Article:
The move came after a witness for the prosecution testified that he believes Peterson placed a bullet on his driveway after he helped Kathleen Savio change her locks after she and Peterson had split -- against Peterson's wishes. Peterson, a former Bolingbrook police sergeant, is accused of killing Savio, his third wife, in 2004.
Judge Edward Burmila dismissed the jury after Thomas Pontarelli's testimony about the bullet. Pontarelli was Peterson and Savio's neighbor. He was also there when Savio's body was found in the bathtub in 2004.
Judge Burmila blasted prosecutors for bringing up information that could make the former police officer look bad in the eyes of the jury. He also called a recess.
The state responded that it had not intended to "poison" the jury but wanted to let Pontarelli share his "true feelings" about Peterson.
Prosecutors argued against a mistrial, denying repetitive errors. The judge appeared close to declaring a mistrial Tuesday after a prosecutor began to discuss an allegation that Peterson once tried to hire a hit-man.
Neighbor talks of finding Savio's body
Pontarelli was the first witness called for the prosecution Wednesday, the second day of testimony in the case. He and his wife, Mary, discovered Savio's body in dry bathtub in a fetal position with bruises and blood coming from her head. He also said the bathtub was clean.
Pontarelli said Peterson was in Savio's home when her body was found and he followed them into the bathroom to check for a pulse. Moments later, Pontarelli said Peterson called someone and said "just found [his] wife dead and people will think [he] did it."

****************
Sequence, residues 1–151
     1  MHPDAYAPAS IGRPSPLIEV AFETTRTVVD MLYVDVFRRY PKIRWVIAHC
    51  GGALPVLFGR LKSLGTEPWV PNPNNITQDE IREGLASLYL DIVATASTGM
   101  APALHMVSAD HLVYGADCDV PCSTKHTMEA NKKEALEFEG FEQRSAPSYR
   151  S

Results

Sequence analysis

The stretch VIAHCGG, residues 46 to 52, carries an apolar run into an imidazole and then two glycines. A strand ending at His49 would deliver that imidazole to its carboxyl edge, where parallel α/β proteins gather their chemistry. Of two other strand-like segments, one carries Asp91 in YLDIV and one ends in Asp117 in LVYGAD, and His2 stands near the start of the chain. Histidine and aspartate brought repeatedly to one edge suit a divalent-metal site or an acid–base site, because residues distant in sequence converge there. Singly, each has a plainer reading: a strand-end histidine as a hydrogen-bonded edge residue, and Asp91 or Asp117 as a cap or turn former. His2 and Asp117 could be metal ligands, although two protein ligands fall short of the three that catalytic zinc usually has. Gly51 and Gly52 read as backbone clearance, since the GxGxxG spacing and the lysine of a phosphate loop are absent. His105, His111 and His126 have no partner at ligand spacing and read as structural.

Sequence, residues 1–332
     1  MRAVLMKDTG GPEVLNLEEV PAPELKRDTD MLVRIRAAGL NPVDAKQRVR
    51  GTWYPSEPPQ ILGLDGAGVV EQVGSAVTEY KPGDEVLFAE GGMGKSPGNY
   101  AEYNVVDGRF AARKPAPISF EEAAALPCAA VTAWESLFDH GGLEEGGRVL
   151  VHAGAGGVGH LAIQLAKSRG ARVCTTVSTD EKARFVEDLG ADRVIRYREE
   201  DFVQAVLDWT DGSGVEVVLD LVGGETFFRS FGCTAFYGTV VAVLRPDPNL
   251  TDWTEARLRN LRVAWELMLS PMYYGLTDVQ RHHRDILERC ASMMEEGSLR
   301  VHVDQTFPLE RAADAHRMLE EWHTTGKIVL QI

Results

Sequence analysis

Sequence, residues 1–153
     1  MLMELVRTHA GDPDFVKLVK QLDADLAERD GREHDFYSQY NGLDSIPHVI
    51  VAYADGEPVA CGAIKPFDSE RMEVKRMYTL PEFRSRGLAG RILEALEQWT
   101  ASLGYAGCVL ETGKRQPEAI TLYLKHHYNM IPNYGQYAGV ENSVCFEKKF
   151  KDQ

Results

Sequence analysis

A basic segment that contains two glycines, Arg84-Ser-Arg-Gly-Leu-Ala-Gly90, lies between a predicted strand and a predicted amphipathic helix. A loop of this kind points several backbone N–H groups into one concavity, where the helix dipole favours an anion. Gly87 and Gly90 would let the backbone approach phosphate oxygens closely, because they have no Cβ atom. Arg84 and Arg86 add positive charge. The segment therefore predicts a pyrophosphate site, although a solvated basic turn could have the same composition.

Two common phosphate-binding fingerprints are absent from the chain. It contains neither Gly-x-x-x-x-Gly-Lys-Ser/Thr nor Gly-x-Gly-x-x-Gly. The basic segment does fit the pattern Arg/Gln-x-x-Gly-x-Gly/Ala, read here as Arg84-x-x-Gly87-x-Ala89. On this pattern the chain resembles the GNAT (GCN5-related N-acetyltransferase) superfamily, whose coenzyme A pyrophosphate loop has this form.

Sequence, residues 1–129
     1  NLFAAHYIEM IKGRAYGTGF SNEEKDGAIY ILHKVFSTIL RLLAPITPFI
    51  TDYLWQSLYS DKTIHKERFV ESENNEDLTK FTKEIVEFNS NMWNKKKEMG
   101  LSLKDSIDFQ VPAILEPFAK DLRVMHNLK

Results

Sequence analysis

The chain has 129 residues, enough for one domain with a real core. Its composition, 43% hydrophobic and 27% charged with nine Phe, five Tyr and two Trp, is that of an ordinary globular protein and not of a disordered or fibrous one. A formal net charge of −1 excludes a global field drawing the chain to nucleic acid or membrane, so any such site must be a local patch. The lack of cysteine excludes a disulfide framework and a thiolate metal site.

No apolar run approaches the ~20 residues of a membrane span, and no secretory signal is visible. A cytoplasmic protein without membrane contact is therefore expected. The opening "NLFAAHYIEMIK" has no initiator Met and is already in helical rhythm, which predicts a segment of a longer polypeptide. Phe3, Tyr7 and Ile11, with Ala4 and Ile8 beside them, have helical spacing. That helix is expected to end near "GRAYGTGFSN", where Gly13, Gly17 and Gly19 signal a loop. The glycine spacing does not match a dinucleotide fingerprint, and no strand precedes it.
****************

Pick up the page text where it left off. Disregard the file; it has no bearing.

Prosecutors say Peterson killed Savio and staged a household accident in an attempt to keep her from collecting a portion of his pension and other assets. The death was initially labeled an accident -- until the case was reopened after Peterson's fourth wife, Stacy Peterson, vanished in 2007. A second autopsy showed Kathleen Savio's death was a homicide.
Peterson is also a suspect in Stacy's disappearance. He denies involvement in either case.
Outside the court house in Joliet, Peterson's attorneys told reporters their client remained relaxed and was pleased with how the trial was going so far. They also reiterated their main defense that Savio's death was just an accident.
"There is no sign that it was anything but an accident. There's no sign of a struggle at all, and that's why I went into how Kathy was well known among everybody that knows her as a real fighter, a person with a lot of spirit, somebody who will never take no for an answer, who always wants to get the last word and always fights for everything. If she was being attacked and someone was trying to kill her, there would be a real sign of a struggle," Peterson defense Attorney Joel Brodsky said.
(The Associated Press contributed to this report.)